A combination of a gloomy retail survey released late on Monday night and a call by the Financial Times Lex column for a one-point cut fuelled the rate hopes, analysts said.
A separate survey released by BDO Stoy Hayward and the Centre for Economics and Business Research also added to the pressure on the Bank's rate-setting Monetary Policy Committee (MPC), which begins its two-day meeting this afternoon. BDO's finding that British business expects the UK economy to move into recession by the middle of next year helped keep the FTSE 100 in positive territory despite a weak start on Wall Street.
December short sterling jumped as traders gambled on a significant rate cut tomorrow, and the pound slid almost a pfennig against the German mark to close at DM2.761.
However, many analysts cautioned that the market was being overly optimistic about the interest-rate outlook, and warned that there could be widespread disappointment when the Bank announces its decision at midday tomorrow.
Despite the feverish speculation on the trading floors, most economists still expect the Bank to move rates down by just a quarter of a percentage point to 6.5 per cent.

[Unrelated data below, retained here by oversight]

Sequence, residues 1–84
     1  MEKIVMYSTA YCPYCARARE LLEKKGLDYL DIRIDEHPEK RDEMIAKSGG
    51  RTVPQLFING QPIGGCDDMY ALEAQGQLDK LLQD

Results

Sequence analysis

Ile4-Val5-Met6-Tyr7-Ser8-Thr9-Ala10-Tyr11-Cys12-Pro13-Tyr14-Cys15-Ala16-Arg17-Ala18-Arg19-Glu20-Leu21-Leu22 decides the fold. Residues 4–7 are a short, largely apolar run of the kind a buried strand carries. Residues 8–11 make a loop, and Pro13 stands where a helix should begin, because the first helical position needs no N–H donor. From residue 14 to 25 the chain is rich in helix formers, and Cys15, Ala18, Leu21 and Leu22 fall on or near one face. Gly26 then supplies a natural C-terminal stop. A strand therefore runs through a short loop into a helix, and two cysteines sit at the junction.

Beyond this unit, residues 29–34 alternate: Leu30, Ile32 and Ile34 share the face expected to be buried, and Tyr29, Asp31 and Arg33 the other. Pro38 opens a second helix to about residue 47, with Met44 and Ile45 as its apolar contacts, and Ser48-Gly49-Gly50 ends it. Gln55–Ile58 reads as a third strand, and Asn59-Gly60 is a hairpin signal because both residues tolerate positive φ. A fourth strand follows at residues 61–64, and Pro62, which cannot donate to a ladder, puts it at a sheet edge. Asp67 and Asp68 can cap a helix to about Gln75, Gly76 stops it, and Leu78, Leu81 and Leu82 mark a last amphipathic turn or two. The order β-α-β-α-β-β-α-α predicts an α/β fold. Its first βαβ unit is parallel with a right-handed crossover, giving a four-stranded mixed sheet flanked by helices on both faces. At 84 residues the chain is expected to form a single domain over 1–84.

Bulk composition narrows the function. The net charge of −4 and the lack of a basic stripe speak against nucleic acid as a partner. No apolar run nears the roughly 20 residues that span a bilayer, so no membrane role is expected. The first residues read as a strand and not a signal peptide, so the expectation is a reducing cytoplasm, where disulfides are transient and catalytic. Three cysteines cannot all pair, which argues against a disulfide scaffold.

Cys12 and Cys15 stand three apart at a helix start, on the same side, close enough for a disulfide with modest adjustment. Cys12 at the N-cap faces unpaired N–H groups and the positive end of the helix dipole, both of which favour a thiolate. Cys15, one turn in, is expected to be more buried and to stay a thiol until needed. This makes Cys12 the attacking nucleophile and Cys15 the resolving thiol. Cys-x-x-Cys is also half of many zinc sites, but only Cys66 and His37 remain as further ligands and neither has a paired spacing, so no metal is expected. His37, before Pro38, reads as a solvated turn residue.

Neil Parker, treasury economist at Royal Bank of Scotland, warned: "I see great scope for the markets being disappointed on Thursday and not much for them being pleasantly surprised."
Richard Iley at ABN Amro said: "I still think a 25 basis point [0.25 percentage point] cut is the most likely scenario. There's a lot of speculation about a 100 basis point [1 point] move, but I think that is wide of the mark."
Nick Stamenkovic, chief economist at Bank Austria Creditanstalt Futures, said: "The markets have factored in a 50 basis point cut tomorrow. If [the Bank] cuts by 25 basis points I think sterling will get a lift and equities will be disappointed. No cut at all could be disastrous for equities."
Since the Bank announced an unexpectedly large rate cut at the start of last month there has been a series of gloomy economic data. The UK's trade deficit hit a record high and official figures have offered evidence of tumbling retail sales and manufacturing output. Anecdotal survey data have painted a bleak picture of the economic outlook. According to business surveys, even the UK's hitherto buoyant service sector is feeling the pinch.
Last week's unexpected cut in interest rates across Europe to just 3 per cent has also helped strengthen the clamour for the third fall in UK rates in as many months.
Ken Jackson, general secretary of the Amalgamated Engineering and Electrical Union, said: "UK interest rates are twice as high as most of Europe. If UK manufacturing is to compete abroad we need a dose of the same medicine."Reuse content